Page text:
Infantile convulsions: Treatment, symptoms, advice and help
About infantile convulsions
Infantile convulsions, as the name suggests, are convulsions which characteristically occur in small children. Convulsions also called seizures which occur as a result of abnormal electrical activity in the brain cells. Infantile convulsions, in most cases are harmless and disappear by 5 years of age.
Infantile convulsions: Incidence, age and sex
Infantile convulsions are generally encountered in children in the age group of 6 months to 5 years. Toddlers are more frequently affected. No gender bias has yet been documented.
Signs and symptoms of infantile convulsions: Diagnosis
The occurrence of infantile convulsions usually coincides with a history of infection (usually upper respiratory tract infection). The child may be pale and lethargic. The convulsion is accompanied by rolling back of eyes, drooling of saliva, gritting of teeth or stiffening of limbs. Some children may vomit or even bite the tongue. It may or may not be accompanied by loss of consciousness. However, the child usually recovers from the convulsion within a few seconds to minutes.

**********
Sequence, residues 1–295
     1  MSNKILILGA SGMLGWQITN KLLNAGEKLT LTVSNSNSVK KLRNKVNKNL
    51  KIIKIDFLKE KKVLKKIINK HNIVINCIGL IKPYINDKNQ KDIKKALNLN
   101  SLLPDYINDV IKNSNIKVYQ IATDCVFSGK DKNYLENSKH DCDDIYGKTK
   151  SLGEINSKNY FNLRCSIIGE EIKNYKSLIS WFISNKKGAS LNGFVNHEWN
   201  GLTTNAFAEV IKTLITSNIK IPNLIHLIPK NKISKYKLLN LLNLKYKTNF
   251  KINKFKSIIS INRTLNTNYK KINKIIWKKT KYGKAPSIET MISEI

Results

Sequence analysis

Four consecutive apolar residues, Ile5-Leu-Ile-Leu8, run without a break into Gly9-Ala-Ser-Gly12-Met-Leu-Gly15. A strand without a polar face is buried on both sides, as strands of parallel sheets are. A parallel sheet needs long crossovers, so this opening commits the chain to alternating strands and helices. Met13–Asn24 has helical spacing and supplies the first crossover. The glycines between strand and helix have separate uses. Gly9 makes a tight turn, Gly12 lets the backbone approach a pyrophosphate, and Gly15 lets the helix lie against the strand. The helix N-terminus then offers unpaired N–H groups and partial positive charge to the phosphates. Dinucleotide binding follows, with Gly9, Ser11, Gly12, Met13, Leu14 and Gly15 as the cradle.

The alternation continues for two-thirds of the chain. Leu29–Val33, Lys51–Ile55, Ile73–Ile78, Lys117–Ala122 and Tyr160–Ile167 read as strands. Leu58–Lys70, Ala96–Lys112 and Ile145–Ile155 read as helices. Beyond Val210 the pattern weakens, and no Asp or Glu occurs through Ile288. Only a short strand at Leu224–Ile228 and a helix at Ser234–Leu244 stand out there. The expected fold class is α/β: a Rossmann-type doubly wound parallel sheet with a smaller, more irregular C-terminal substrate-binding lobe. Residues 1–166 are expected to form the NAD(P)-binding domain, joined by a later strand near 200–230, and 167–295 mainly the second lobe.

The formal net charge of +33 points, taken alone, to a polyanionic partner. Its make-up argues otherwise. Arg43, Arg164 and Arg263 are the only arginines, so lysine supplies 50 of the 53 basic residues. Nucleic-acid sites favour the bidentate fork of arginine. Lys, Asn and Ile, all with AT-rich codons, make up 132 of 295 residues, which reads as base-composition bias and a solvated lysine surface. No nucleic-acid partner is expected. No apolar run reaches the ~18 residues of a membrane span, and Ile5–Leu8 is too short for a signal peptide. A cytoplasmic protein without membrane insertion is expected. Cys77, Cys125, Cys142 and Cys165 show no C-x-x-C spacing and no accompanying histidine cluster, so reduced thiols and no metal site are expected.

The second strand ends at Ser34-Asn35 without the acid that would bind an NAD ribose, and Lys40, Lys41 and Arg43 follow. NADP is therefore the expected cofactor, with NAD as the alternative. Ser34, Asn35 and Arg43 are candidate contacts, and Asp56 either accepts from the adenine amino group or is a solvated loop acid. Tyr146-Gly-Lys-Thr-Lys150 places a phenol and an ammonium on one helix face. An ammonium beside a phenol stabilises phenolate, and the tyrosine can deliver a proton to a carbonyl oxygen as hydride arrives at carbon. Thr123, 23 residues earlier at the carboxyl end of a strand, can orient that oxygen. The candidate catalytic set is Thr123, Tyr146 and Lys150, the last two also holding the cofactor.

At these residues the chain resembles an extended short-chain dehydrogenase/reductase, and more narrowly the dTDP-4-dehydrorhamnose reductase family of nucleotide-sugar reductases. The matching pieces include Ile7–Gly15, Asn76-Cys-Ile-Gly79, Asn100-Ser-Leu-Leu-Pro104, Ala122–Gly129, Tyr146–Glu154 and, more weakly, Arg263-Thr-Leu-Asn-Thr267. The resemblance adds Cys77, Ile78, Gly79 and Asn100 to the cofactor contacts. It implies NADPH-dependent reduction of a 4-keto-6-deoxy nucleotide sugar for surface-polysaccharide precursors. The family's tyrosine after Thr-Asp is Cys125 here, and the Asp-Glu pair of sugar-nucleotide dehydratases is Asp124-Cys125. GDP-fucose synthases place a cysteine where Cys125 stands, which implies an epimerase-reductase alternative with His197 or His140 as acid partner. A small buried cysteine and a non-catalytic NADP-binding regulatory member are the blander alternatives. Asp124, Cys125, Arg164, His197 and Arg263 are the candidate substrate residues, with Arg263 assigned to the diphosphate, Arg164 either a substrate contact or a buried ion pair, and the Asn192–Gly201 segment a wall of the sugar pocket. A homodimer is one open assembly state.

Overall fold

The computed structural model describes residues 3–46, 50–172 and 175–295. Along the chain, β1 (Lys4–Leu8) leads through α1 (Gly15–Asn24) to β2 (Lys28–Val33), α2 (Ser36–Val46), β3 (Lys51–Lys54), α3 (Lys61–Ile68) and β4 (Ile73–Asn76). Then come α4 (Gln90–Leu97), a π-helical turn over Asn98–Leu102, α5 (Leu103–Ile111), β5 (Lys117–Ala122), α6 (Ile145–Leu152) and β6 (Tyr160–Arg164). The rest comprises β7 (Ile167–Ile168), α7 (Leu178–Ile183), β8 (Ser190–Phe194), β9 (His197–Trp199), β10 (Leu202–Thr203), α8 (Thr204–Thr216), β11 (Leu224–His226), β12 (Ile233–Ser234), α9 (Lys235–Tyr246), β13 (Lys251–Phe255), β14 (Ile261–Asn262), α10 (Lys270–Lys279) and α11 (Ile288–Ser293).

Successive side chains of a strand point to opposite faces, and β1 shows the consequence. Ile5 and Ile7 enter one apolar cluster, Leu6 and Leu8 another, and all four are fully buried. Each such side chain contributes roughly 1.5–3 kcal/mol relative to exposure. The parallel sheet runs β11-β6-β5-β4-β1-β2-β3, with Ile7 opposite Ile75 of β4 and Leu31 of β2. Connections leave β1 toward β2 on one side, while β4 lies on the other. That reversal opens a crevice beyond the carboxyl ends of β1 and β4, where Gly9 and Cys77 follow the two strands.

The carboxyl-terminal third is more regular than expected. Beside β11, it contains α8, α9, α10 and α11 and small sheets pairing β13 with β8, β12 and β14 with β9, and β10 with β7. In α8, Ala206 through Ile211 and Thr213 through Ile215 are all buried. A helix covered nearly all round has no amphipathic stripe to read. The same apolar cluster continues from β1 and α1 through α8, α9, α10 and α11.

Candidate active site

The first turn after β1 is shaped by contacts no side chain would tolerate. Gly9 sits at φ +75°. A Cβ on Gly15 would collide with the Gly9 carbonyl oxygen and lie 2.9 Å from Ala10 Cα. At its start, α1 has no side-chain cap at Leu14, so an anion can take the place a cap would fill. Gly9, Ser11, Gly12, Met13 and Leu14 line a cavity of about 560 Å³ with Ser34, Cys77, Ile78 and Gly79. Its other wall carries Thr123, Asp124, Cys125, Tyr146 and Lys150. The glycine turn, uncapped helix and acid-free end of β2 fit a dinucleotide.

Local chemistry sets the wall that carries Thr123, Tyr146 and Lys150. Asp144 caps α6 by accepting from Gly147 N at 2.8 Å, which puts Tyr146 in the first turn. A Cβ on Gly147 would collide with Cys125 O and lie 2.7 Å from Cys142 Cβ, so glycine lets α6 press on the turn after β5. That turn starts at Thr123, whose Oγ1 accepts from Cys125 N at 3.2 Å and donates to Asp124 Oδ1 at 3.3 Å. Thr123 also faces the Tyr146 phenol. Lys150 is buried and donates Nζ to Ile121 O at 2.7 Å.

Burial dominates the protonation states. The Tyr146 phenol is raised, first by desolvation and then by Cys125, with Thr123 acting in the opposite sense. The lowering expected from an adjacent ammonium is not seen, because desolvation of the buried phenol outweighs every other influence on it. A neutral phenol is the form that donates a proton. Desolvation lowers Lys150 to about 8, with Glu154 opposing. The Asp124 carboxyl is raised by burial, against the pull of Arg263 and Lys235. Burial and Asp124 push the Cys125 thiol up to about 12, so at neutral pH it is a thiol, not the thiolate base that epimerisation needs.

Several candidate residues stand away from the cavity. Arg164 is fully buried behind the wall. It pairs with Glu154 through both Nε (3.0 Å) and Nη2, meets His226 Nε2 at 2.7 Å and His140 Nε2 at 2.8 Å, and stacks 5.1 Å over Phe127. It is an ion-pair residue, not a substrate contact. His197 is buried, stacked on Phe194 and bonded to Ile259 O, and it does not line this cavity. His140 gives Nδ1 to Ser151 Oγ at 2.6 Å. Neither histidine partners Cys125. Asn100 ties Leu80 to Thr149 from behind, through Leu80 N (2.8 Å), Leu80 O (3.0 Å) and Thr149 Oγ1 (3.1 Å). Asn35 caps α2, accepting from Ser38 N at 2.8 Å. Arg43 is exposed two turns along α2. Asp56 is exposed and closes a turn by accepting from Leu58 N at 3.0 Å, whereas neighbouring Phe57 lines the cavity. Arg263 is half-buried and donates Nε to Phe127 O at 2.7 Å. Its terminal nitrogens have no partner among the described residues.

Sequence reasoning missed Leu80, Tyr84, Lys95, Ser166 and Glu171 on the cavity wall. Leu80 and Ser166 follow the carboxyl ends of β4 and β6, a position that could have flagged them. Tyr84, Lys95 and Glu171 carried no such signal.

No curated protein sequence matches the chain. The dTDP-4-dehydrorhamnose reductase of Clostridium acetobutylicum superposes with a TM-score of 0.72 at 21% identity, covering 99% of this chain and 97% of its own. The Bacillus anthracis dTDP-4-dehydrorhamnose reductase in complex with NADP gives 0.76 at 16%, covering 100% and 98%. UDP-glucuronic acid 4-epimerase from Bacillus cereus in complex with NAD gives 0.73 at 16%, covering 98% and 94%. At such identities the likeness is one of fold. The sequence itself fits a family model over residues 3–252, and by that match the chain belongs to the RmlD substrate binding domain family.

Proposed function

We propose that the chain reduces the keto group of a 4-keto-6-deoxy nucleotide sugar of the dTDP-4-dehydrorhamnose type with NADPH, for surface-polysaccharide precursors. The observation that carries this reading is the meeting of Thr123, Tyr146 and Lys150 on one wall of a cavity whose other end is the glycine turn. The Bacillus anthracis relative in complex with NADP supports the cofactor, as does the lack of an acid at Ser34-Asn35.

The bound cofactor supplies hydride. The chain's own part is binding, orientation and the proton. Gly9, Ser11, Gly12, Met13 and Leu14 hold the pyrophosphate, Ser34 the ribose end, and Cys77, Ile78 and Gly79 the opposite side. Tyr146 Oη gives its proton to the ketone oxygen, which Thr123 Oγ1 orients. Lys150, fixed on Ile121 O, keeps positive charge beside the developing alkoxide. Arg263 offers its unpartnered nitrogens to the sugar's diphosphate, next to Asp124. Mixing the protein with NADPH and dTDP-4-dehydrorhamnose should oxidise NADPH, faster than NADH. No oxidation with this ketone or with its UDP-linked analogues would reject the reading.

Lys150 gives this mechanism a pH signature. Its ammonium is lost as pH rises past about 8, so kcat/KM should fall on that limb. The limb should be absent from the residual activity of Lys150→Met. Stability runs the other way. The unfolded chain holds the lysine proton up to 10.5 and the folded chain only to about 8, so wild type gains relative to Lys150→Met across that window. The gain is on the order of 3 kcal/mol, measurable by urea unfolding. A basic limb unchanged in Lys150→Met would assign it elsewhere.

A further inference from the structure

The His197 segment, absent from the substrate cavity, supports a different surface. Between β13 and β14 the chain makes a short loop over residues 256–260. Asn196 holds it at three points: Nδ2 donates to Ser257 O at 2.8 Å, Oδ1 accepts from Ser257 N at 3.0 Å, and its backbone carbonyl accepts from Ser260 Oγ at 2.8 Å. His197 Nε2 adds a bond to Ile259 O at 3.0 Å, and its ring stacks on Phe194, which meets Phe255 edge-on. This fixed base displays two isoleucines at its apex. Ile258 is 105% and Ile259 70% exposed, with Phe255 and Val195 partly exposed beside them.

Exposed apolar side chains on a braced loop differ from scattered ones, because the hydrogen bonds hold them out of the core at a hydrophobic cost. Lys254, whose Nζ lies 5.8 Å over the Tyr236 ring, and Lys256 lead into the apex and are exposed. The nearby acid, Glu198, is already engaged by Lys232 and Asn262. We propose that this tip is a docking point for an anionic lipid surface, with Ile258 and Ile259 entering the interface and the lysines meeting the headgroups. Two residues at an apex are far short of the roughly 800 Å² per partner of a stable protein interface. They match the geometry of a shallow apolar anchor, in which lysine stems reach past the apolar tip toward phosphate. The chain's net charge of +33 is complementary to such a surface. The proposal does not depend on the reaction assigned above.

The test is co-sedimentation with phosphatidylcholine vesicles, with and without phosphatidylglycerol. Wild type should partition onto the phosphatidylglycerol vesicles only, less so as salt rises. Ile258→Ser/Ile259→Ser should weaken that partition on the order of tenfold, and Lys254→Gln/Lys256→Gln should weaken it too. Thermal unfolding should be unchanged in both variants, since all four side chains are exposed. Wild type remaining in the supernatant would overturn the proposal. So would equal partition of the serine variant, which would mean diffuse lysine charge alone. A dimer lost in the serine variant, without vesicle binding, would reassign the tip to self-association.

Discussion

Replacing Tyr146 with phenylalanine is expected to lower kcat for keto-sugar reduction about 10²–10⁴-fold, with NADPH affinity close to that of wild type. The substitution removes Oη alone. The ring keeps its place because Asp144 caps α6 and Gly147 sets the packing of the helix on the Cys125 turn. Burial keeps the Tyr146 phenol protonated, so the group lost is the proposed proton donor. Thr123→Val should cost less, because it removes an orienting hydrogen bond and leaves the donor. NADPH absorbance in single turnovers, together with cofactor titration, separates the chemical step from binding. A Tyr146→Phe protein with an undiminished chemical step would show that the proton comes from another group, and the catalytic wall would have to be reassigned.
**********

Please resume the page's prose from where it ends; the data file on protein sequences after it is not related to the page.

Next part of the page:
A detailed history and physical examination usually confirms the diagnosis. Neurological assessment or other investigations may be considered to rule out any other causes of such convulsions.
Causes and prevention of infantile convulsions
Convulsions are caused by abnormal electrical signals in the brain. The exact cause of infantile convulsions is not very clear. But it has been known to follow a respiratory infection and high fever. Sometimes meningitis (infection of the membranes of the brain) may also lead to infantile convulsions. Moreover, familial tendency may also play a role in causing these convulsions.
Infantile convulsions: Complications
Complications of infantile convulsions are seldom encountered. But tongue biting or breathing fluid in wind pipe may occasionally be seen.
Infantile convulsions: Treatment
Infantile convulsions are harmless wherein the child may experience seizure when he/she has very high fever. This type of seizure activity is self-limiting and generally subsides as the child grows up. During an episode of convulsion, it is advisable to remove his/her tight clothing and sponge the body with tepid water. The child mostly recovers within a few minutes. In occasional cases, when the child may fail to recover, immediate medical help must be sought for subsequent resuscitative measures.